Before the days of discharging patients ASAP (or not admitting them at all), doctors used to frequently admit patients “for observation.” It signified that a patient was not critically ill, but his or her condition warranted careful watching, i.e. observation.
Unfortunately for the last decade or so, that term has come to have a very specific meaning with very specific financial consequences. But most patients still consider it a casual phrase that doesn’t mean much, and that ignorance can end up… Continue reading
Five years ago, I didn’t think our health care system could get any more complicated. Well, I was wrong.
I have watched it become increasingly tortuous as Obamacare’s rules, regulations and mandates have brought about a seemingly endless stream of unintended consequences.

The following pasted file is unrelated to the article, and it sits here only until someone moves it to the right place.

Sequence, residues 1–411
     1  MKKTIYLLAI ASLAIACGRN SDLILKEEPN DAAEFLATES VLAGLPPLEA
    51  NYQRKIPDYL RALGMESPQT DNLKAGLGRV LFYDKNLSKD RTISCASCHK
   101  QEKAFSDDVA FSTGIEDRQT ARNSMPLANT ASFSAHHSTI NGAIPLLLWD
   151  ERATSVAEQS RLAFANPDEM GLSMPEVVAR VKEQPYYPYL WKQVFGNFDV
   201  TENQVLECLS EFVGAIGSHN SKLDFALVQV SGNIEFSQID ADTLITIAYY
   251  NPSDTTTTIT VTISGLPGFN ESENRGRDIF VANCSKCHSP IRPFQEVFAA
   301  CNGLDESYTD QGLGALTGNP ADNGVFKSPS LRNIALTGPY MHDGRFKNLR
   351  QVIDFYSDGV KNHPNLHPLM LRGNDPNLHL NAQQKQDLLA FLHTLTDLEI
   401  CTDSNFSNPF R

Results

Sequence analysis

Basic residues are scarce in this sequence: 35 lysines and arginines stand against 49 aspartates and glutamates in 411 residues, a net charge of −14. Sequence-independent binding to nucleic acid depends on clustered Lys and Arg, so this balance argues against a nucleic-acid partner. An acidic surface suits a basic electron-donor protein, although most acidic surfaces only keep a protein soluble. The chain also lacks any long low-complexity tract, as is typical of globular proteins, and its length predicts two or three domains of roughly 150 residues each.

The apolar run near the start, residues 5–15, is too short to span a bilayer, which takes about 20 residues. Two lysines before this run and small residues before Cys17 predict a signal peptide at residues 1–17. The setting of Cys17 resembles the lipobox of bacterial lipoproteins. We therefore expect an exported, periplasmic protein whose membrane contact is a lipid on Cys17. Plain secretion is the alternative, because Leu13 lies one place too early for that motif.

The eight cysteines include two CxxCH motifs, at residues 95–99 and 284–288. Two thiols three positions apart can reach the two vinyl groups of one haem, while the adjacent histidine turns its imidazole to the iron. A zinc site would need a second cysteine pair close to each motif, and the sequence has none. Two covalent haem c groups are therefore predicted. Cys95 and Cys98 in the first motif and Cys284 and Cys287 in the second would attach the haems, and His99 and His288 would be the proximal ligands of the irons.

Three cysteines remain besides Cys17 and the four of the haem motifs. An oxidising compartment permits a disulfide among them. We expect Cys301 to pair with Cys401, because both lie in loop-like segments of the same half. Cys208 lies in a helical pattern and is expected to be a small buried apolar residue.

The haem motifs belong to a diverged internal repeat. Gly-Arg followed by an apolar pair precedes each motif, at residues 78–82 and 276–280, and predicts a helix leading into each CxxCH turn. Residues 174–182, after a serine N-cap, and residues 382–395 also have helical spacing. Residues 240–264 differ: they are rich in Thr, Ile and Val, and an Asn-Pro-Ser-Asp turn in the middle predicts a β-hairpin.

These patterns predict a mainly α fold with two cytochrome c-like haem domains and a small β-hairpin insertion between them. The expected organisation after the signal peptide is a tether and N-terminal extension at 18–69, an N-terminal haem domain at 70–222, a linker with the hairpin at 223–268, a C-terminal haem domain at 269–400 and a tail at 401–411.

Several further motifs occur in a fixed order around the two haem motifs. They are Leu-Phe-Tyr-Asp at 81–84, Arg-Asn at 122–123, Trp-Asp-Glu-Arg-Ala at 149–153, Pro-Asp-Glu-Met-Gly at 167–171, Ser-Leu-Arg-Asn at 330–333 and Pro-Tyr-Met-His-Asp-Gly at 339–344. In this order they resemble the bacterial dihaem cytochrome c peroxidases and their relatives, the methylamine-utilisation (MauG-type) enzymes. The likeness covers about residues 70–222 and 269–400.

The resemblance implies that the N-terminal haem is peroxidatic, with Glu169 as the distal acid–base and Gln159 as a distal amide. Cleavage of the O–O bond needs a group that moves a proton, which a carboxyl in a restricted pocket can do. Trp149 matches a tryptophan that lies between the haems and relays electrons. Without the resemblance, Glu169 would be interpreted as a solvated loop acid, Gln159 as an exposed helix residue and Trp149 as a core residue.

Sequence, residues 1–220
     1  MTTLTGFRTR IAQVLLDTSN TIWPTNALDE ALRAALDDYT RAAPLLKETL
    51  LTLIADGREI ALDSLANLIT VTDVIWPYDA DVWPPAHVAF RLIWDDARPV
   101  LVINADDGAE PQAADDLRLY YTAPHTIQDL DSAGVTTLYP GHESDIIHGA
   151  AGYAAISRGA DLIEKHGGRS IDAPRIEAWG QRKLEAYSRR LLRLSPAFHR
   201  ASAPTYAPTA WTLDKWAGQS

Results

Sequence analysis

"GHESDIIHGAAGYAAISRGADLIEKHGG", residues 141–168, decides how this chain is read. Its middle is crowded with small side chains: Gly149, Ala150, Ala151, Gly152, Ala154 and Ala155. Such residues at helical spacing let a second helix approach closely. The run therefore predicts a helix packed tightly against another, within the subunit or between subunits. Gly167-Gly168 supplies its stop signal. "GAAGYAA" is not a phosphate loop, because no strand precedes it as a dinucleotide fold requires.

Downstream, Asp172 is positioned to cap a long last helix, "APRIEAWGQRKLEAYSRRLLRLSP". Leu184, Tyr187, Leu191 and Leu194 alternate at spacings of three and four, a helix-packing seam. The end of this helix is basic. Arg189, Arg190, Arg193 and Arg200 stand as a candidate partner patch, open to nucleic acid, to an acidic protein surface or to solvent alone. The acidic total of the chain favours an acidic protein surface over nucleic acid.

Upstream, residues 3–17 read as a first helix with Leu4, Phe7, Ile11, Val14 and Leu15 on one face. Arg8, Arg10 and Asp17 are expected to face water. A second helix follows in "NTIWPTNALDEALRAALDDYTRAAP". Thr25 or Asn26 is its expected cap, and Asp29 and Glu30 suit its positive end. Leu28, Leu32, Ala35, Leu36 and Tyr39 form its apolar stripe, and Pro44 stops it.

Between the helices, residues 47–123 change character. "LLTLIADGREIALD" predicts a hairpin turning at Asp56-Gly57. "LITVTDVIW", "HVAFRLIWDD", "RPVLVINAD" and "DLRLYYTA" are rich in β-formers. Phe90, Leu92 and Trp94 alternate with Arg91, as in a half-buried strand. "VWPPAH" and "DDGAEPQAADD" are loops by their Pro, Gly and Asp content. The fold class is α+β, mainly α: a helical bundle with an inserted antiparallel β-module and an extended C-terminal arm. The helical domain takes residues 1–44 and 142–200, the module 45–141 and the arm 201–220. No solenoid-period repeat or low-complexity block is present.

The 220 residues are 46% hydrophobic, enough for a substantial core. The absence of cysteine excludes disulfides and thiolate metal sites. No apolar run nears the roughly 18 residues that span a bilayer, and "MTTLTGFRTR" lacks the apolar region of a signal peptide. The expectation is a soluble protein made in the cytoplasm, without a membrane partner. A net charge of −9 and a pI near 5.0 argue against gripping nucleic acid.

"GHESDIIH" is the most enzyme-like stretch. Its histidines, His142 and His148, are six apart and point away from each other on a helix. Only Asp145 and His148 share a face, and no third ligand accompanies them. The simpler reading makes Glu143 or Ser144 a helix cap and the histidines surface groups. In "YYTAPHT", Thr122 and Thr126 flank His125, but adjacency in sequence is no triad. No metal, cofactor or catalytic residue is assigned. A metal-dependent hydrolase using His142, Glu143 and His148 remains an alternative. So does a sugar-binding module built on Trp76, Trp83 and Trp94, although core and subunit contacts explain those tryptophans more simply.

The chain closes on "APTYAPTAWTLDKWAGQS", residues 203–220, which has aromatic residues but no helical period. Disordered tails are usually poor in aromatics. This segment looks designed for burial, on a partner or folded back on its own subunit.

The major benefit, I think, of Obamacare was to take away the pre-existing coverage clause in insurance policies. The idea was to provide health coverage for everybody, regardless of current health, and to make medical expenses more equitable; that is, some will pay more (the young and healthy) and some will pay less (the older, sicker … Continue reading
Another drug we can’t afford
A few weeks ago I posted about the recent slew of commercials to “increase public awareness” of the chronic sleep disorder Non-24.
As Non-24 (formerly known as circadian rhythm disorder) affects totally blind people and is rare otherwise, it wasn’t clear to me why we needed increased awareness until I realized a new drug was coming to market.